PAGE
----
Cattle Prices and Placements Rise


By Andrew P. Griffith, University of Tennessee 

FED CATTLE: Fed cattle traded $2 to $4 higher on a live basis compared to last week. Prices on a live basis were mainly $130 to $132 while dressed prices were mainly $210 to $212. The 5-area weighted average prices thru Thursday were $131.62 live, up $3.50 from last week and $209.22 dressed, up $3.88 from a week ago. A year ago prices were $125.58 live and $205.36 dressed.

It has been 22 months (week ending June 21, 2015) since the 5-area weekly weighted average price exceeded year ago prices from the same week, but it is sure to have happened this week. Fed cattle continued their price ascension as cattle feeders have not let off the gas.

The price increase this week keeps cash trade at a premium to futures prices as traders have been reluctant to fully close the gap. Additionally, the June live cattle contract continues to trade at a $13 to $15 discount to this week’s cash prices which means there is a lot of distance to cover to reach convergence.

Fed cattle prices are certain to soften heading into late May and early June, but it is difficult to fathom a $15 price break in finished cattle over the next two months.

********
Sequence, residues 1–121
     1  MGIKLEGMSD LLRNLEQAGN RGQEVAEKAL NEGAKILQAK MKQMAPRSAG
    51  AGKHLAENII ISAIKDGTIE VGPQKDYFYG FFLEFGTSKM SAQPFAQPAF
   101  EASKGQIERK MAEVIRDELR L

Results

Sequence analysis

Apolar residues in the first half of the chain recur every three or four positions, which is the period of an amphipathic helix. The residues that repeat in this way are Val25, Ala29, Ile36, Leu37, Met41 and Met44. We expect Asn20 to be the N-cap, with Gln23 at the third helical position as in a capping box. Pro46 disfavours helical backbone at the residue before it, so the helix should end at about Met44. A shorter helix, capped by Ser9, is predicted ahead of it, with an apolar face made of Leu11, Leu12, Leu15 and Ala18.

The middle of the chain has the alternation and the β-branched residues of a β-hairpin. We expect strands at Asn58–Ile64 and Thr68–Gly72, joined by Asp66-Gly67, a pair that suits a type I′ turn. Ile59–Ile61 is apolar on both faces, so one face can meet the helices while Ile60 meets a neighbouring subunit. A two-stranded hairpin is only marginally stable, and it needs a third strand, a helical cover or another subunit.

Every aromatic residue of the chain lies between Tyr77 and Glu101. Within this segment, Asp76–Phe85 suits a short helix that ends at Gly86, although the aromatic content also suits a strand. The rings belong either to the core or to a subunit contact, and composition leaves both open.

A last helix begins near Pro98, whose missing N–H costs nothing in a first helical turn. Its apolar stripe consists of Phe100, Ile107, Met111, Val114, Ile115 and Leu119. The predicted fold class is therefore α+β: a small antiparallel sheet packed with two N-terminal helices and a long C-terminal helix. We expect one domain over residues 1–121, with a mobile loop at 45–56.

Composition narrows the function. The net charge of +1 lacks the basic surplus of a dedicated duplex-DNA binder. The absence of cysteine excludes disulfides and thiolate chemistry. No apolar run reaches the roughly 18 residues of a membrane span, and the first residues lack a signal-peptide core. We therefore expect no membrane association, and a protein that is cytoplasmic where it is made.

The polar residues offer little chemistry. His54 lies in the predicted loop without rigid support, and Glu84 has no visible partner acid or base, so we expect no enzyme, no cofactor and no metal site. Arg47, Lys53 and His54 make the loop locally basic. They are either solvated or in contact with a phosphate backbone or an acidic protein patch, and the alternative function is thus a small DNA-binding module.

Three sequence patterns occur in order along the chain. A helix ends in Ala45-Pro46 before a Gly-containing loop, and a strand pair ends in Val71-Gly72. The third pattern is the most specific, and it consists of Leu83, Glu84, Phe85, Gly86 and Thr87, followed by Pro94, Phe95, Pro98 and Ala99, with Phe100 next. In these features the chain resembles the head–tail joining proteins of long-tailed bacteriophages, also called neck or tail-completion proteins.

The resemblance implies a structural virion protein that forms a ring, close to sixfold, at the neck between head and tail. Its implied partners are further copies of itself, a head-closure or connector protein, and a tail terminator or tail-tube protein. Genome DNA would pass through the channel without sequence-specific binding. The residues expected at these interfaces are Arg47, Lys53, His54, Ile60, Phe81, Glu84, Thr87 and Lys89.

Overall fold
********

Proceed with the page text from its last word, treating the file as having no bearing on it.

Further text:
OUTLOOK: Feeder cattle future prices have advanced $13 to $18 in a seven week period. Higher prices on the futures market is a function of several factors including a strong and steady live cattle cash price, strong slaughter numbers, lighter finished cattle carcass weights, inexpensive feed, and pen space cattle feeders are looking to fill.

Though all the aforementioned factors contribute to higher feeder cattle prices, these conditions have been part of the marketplace for several months. The stronger prices for feeder cattle today is more a factor of the market realigning itself with where it should have been months earlier.

In other words, it is a price correction. For several months, deferred live cattle futures have traded at severe discounts to the nearby contract and cash trade.

To read the entire Drovers article by Andrew P. Griffith Click Here.

Picture: Northern Ag Network

Drovers/Andrew P. Griffith


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